I shall ever retain a pleasant and grateful recollection of the treatment I, in common with all the prisoners, obtained on board the Connecticut, and the humane courtesy of her commander, John J. Almy. I had all the accommodations and attentions usually given to a passenger, was provided with a state-room, took my meals in the ward-room, and-what was the most grateful surprise of all-never had my ear assailed with the epithet of "rebel," or any of the dirty phrases which I had supposed to be common in Yankee conversation whenever it alluded to the Confederacy. I was told by those who had more experience in the matter than myself that the officers of the old navy of the United States are remarkable for their decorous manners towards prisoners, and, in this respect, presented a striking contrast to the coarse vulgarity of the Yankee army.
On the bright twelfth of May, the Connecticut was moving up the estuary of the James from Fortress Monroe to Newport News. The men-of-war and iron-clads which thronged the stream afforded an exhibition of the enemy's naval power, which made us smile to think how little all this brave show of ribbed guns and armaments had accomplished against the stark spirit and beggarly resources of those who fight for liberty.
The pilot who boarded us off the Capes (a fellow with a bilious skin and greased hair, who claimed to be from Maryland), brought a wonderful story of the progress of the war in Virginia. "The New York Herald had news as big as his fist: Beauregard's army cut in two; Lee on a foot-race to Richmond; ahead, everywhere," etc. I had heard such stuff before, and having had some experience of dissecting Yankee lies with pen and scissors, was not easily imposed upon by the pilot's resurrection of such from the columns of New York, journals.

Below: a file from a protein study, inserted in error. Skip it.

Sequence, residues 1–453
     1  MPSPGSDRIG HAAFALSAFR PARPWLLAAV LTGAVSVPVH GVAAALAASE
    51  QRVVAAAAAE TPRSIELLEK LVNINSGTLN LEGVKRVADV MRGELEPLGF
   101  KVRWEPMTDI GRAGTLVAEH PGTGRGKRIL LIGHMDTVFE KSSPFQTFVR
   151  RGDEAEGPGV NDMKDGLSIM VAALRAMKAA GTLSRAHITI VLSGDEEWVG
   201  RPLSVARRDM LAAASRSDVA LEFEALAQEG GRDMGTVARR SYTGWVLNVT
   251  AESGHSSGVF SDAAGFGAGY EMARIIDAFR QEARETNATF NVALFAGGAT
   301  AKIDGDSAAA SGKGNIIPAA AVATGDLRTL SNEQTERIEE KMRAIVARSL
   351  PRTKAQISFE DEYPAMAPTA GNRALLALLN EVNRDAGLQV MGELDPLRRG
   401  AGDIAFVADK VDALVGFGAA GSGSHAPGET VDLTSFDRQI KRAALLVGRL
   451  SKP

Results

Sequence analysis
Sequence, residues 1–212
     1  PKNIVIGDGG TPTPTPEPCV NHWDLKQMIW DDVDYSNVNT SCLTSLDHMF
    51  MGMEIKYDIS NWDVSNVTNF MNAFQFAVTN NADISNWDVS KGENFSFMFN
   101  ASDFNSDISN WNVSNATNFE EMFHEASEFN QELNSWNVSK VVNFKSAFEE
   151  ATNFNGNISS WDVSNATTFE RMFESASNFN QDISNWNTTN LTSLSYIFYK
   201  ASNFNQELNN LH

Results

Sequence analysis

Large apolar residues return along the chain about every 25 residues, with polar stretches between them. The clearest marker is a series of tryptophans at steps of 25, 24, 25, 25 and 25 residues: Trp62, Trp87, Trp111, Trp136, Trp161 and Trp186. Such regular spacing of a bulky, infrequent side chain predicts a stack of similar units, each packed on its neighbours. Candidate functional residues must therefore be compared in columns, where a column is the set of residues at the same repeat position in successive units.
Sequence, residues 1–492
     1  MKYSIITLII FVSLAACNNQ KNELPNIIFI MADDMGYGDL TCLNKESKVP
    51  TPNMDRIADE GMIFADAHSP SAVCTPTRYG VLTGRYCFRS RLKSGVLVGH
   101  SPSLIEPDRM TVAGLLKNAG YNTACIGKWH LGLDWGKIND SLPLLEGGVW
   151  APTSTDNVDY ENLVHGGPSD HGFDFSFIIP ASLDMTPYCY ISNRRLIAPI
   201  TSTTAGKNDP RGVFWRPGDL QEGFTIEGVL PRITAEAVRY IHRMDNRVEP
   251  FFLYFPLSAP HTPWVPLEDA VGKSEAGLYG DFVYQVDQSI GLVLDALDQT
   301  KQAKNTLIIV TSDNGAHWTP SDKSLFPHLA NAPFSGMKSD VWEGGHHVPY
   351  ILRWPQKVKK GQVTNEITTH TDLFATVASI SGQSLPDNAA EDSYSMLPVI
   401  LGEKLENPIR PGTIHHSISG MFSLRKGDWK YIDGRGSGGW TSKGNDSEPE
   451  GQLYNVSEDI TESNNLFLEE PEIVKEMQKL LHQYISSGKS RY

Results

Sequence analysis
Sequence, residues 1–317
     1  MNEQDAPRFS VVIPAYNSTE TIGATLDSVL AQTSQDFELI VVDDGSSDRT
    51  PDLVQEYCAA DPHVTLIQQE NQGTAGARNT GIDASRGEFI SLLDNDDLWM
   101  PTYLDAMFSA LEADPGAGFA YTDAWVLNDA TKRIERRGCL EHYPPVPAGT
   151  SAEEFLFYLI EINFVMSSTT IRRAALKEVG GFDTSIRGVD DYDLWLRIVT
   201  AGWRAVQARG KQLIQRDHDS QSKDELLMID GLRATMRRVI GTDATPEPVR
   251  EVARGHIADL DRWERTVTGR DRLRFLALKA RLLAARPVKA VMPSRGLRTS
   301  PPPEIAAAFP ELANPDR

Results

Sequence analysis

At our mess in the ward-room, a fellow-prisoner was tempted to ask the pilot if there were any Virginia pilots employed in the bay or river. "Not one," was the fellow's reply; and a flush of shame might have passed on his cheek on observing the proud and meaning glance which three of the prisoners, Virginians, exchanged at the announcement. I had heard before that the Virginia pilots, without a solitary exception, had abandoned their livelihoods and professions, spurning the temptations of the enemy and the gains they might have made from dishonor; but here was the unquestionable testimony of their self-sacrifice from the lips of an enemy and a rival. I do not know that the State of Virginia has ever done anything for these noble men, turned adrift from their employment, many of them I know earning scanty bread about Richmond, by the pitiable shifts of the refugee. Surely, such sacrifices as they have made should be gratefully recognized, and, as far as possible, rewarded; for they are another public decoration of the honor of the "Old Dominion" in this war.
CURIOSITIES OF THE YANKEE BLOCKADE.-Correspondence with Lord Lyons, &c.
My sense of the personal kindness of Captain Almy and his officers certainly did not disturb my conviction that the Connecticut had done a monstrous wrong, and that these persons were the instruments of a despotism at Washington, that, among other indignities of the war, was imposing upon the world the monstrous lie of a blockade, which was, in fact, an ill-disguised system of piracy.
There were in my mind certain questions touching the practical conduct of that blockade, which I was satisfied had not been pressed upon the attention of European Governments; which made what lawyers call "a case" for the Greyhound, and which might possibly result, through the timely and determined protests of some one, in the rescue of the vessel from her captors. I determined to risk my liberty in the attempt to make the issue. I had my opportunity of escape in suppressing my name and keeping quiet; but my convictions of justice to the vessel, and my confidence in the eventual triumph of principles, determined me to risk my case, not on a disguise, but on the truthful grounds that myself and vessel were legally exempt from capture. I had already written to Lord Lyons claiming my release, and having resolved to make a similar issue for the vessel, I avowed to Captain Almy the necessity of my being sent to Boston, where the prize proceedings were to be held, to make the proper protests in behalf and in the interest of the owners of the Greyhound. I was sent on board the Greyhound, and soon secured the means of a free communication in my own name and that of the Captain with Lord Lyons: the result, a correspondence which must here anticipate my narrative of events. Little did I know what that correspondence was to cost me in the resentment of the Washington Government; for in it I had pre